printed in newspapers and broadsheets, often with 'We the People' set off in extra-large type. Meanwhile, the secretary of the convention carried the original [from Philadelphia] to New York to present it to [the Continental] Congress, which met, at the time, at City Hall. Without either endorsing or opposing it, Congress agreed to forward the Constitution to the states for ratification. The original Constitution was simply filed away and, later, shuffled from one place to another. When City Hall underwent renovations, the Constitution was transferred to the Department of State. The following year, it moved with Congress to Philadelphia and, in 1800, to Washington, where it was stored at the Treasury Department until it was shifted to the War Office. In 1814, three clerks stuffed it into a linen sack and carried it to a gristmill in Virginia, which was fortunate, because the British burned Washington down. In the eighteen-twenties, when someone asked James Madison where it was, he had no idea.
"In 1875, the Constitution found a home in a tin box in the bottom of a closet
in a new building that housed the Departments of State, War, and in 1894,
it was sealed between glass plates and locked in a safe in the basement. In 1921,
Herbert Putnam, a librarian, drove it across town in his Model T. In 1924, it
was put on display in the Library of Congress, for the first time ever. Before then, no one had thought of that. It spent the Second World War at Fort Knox. In 1952, it was driven in an armored tank under military guard to the National Archives, where it remains, in a shrine in the rotunda, alongside the Declaration of Independence and the Bill of Rights. ...
"If you haven't read the Constitution lately, do. Chances are you'll find that
it doesn't exactly explain itself. Consider Article III, Section 3: 'The Congress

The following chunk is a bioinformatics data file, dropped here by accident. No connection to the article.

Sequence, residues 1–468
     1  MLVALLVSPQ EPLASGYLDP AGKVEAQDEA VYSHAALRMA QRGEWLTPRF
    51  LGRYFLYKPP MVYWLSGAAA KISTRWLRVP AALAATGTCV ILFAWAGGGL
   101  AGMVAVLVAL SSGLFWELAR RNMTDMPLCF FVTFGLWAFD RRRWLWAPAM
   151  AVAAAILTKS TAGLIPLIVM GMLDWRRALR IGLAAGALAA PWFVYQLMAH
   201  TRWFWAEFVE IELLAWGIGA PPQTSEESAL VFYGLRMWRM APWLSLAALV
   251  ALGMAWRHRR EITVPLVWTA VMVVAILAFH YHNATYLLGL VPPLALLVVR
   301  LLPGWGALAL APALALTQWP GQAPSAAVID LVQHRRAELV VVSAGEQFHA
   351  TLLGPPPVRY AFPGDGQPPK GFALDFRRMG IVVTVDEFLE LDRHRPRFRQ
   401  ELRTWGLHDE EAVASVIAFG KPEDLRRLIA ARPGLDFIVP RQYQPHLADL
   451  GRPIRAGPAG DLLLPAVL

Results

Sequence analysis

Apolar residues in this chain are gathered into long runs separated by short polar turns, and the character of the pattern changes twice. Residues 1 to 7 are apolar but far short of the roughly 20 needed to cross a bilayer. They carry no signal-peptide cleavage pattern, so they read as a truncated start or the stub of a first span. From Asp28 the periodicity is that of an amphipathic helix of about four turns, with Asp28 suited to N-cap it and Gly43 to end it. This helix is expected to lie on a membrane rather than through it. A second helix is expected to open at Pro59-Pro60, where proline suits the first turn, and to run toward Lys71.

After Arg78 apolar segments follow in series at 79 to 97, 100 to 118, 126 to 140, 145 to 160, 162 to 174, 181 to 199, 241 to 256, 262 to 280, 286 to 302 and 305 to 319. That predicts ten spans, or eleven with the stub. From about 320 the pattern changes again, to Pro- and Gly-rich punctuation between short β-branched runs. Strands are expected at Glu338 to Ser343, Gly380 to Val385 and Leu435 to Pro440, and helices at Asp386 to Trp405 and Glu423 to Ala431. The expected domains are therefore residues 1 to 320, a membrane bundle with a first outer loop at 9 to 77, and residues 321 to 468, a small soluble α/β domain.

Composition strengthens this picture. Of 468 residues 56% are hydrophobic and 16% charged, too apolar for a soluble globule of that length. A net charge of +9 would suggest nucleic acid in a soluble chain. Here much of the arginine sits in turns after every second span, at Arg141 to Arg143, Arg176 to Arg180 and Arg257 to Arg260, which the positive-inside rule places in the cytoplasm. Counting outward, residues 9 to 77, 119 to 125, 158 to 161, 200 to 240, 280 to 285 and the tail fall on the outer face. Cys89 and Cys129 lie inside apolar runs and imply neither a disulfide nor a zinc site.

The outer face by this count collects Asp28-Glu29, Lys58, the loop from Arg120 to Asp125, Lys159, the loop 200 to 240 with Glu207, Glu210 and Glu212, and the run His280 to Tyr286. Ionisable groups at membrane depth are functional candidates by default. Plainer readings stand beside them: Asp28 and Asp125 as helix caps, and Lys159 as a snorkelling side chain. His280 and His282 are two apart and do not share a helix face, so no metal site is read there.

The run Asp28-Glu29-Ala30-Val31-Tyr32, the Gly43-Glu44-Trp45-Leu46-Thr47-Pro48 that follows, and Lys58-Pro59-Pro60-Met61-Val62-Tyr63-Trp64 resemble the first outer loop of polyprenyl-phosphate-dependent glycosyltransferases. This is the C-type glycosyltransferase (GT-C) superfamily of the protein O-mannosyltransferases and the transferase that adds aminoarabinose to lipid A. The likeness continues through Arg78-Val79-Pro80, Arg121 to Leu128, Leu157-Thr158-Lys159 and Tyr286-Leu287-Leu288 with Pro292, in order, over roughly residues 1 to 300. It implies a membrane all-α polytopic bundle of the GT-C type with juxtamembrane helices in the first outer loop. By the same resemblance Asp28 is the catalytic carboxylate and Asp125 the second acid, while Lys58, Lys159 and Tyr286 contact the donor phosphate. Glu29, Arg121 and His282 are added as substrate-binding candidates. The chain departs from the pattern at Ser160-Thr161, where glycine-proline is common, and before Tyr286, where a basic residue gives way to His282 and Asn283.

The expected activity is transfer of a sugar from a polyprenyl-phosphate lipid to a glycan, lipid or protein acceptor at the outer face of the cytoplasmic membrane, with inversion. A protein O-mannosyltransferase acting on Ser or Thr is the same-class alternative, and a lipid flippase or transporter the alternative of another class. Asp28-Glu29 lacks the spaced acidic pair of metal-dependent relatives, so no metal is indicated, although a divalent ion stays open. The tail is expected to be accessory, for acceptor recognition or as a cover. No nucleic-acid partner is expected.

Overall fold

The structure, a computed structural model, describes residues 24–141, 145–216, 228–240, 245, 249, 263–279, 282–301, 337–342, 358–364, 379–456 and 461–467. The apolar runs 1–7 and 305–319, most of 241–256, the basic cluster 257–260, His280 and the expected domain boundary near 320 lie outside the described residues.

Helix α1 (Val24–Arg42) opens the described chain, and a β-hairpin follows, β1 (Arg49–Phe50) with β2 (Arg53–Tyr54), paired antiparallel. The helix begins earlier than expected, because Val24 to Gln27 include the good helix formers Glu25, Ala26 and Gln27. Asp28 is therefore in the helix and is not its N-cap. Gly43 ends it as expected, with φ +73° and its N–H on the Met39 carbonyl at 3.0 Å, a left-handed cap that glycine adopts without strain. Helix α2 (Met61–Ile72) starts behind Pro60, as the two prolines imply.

shall have Power to declare the Punishment of Treason, but no Attainder of
Treason shall work Corruption of Blood, or Forfeiture except during the Life of
the Person attainted.' This is simply put - hats off to the committee of style -
but what does it mean? A legal education helps. Lawyers won't stumble over 'attainder,' even if the rest of us will.
Part of the problem might appear to be the
distance between our locution and theirs. 'Corruption of Blood'? The document's learnedness and the changing meaning of words isn't the whole problem, though, because the charge that the Constitution is too difficult for ordinary people to understand - not because of its vocabulary but because of the complexity of its ideas - was brought nearly the minute it was made public.
"Anti-Federalists charged that the Constitution was so difficult to read that it amounted to a conspiracy against the understanding of a plain man, that it was willfully incomprehensible. 'The constitution of a wise and free people, ought to be as evident to simple reason, as the letters of our alphabet,' an Anti-Federalist wrote. 'A constiution ought to be, like a beacon, held up to the public eye, so as to be understood by every man,' Patrick Henry argued. He believed that what was drafted in Philadelphia was 'of such an intricate and complicated nature, that no man on this earth can know its real operation.'

Anti-Federalists had more complaints, too, which is why ratification - a process
wonderfully recounted by Pauline Maier in 'Ratification: The People Debate the
Constitution, 1787-1788' - was touch and go. Rhode Island, the only state to
hold a popular referendum on the Constitution, rejected it. Elsewhere, in state
ratifying conventions, the Constitution passed by the narrowest of margins:
eighty-nine to seventy-nine in Virginia, thirty to twenty-seven in New York, a
hundred and eighty-seven to a hundred and sixty-eight in Massachusetts."...
"[The Constitution has] forty-four hundred words and 'God' is not one of
them, as Benjamin Rush complained to John Adams, hoping for an emendation: 'Perhaps an acknowledgement might be made of his goodness or of his providence in the proposed amendments.' It was not."

Author: Jill LePore
Title: "The Commandments"
Publisher: The New Yorker
Date: January 17, 2011
Pages: 70-73

Attack on DC by Juabl Early